FIFA ponders later start for next World Cup in Brazil

ZURICH Thu Dec 9, 2010 10:44am EST

A boy looks out from the window of a boat, with a Brazil's FIFA World Cup Soccer 2014 logo, before a travel on the Negro river, at the Manaus port in northern Brazil, July 24, 2010. REUTERS/Ricardo Moraes

A boy looks out from the window of a boat, with a Brazil's FIFA World Cup Soccer 2014 logo, before a travel on the Negro river, at the Manaus port in northern Brazil, July 24, 2010.

Credit: Reuters/Ricardo Moraes

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ZURICH (Reuters) - A later start to the next World Cup to allow top players to have a longer rest after sapping club seasons will be one of the key issues for a FIFA task force looking at improving future tournaments, Reuters has learnt.

Starting the 2014 finals in Brazil in July rather than mid-June would allow players to be fresher for the tournament, a senior source at world soccer's governing body said.

FIFA president Sepp Blatter has already announced plans for his task force to look at ways of making the tournament more attractive.

Blatter's decision came after several high-profile players, including Wayne Rooney, Cristiano Ronaldo and Didier Drogba, produced mediocre performances at the World Cup in South Africa this year.

FIFA was also disappointed by the cagey tactics by teams in the first round of matches which made for several dull games.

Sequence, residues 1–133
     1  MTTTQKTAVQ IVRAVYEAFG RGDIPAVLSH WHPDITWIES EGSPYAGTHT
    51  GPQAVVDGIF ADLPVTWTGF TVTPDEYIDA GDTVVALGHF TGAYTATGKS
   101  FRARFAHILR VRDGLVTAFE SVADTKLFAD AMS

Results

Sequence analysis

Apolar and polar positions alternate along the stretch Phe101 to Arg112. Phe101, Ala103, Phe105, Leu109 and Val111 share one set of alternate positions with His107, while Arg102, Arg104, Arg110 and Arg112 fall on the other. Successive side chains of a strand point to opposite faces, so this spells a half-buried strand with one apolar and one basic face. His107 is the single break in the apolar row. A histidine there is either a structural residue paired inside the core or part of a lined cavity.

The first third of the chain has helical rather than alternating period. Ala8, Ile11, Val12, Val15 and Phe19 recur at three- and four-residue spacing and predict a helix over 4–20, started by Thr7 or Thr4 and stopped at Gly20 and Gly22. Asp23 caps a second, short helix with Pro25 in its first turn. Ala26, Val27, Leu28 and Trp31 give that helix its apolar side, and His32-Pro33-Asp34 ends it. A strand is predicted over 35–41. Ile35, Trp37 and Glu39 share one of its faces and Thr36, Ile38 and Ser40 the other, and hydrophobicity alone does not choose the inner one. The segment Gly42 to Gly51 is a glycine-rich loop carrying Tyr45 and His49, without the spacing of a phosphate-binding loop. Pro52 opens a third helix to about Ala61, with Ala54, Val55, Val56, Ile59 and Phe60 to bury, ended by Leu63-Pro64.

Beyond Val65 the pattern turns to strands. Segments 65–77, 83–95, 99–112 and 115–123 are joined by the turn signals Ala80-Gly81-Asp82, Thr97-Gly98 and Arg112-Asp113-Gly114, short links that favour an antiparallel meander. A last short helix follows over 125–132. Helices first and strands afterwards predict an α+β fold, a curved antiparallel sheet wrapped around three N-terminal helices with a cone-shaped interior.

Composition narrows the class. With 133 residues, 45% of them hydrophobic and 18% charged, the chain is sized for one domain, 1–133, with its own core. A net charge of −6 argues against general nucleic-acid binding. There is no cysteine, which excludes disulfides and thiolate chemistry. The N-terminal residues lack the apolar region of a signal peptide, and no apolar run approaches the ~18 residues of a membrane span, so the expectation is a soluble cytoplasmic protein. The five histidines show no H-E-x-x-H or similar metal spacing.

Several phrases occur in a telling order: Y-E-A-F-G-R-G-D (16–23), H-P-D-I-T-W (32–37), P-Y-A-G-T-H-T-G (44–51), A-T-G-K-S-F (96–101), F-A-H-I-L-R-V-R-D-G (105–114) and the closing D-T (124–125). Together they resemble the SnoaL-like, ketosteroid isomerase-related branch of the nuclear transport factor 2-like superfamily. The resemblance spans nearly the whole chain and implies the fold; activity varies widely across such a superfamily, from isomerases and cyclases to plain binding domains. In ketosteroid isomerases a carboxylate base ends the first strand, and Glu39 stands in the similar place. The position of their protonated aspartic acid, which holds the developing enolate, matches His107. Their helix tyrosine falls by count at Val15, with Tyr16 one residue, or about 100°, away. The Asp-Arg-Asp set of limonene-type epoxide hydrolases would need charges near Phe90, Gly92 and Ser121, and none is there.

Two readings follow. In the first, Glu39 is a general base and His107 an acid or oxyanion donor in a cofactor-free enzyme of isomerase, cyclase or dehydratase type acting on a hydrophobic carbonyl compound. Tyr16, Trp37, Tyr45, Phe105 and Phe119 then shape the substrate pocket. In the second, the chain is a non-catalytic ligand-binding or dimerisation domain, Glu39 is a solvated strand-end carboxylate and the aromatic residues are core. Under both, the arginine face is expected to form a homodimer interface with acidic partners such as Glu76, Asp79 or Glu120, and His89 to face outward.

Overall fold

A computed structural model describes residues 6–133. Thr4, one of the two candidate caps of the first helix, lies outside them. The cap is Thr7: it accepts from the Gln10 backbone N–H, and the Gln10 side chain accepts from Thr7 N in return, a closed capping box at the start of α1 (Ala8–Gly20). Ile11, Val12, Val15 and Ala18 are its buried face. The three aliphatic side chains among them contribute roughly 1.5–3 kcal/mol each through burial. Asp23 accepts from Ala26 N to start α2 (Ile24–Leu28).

Blatter said he wanted solutions to be introduced in time for the next World Cup in Brazil.

FIFA had already introduced a cut off date for leagues to end their seasons earlier in a World Cup year but this seemed to make little difference to the conditioning of some leading players at the 2010 finals.

The World Cup usually starts just weeks after the end of league season in Europe.

Blatter suggested in October fear of losing in the opening round of the World Cup made for too many unexciting games in the first fortnight of the tournament.

"Nobody really wants to lose one of these (first round) matches, we had five or six draws in South Africa, so let's see how we can make football more attractive," he said after a FIFA executive committee meeting.

He had previously suggested one solution might be to abolish extra-time, with drawn matches in the knockout stages going straight to penalties.

(Editing by Justin Palmer)

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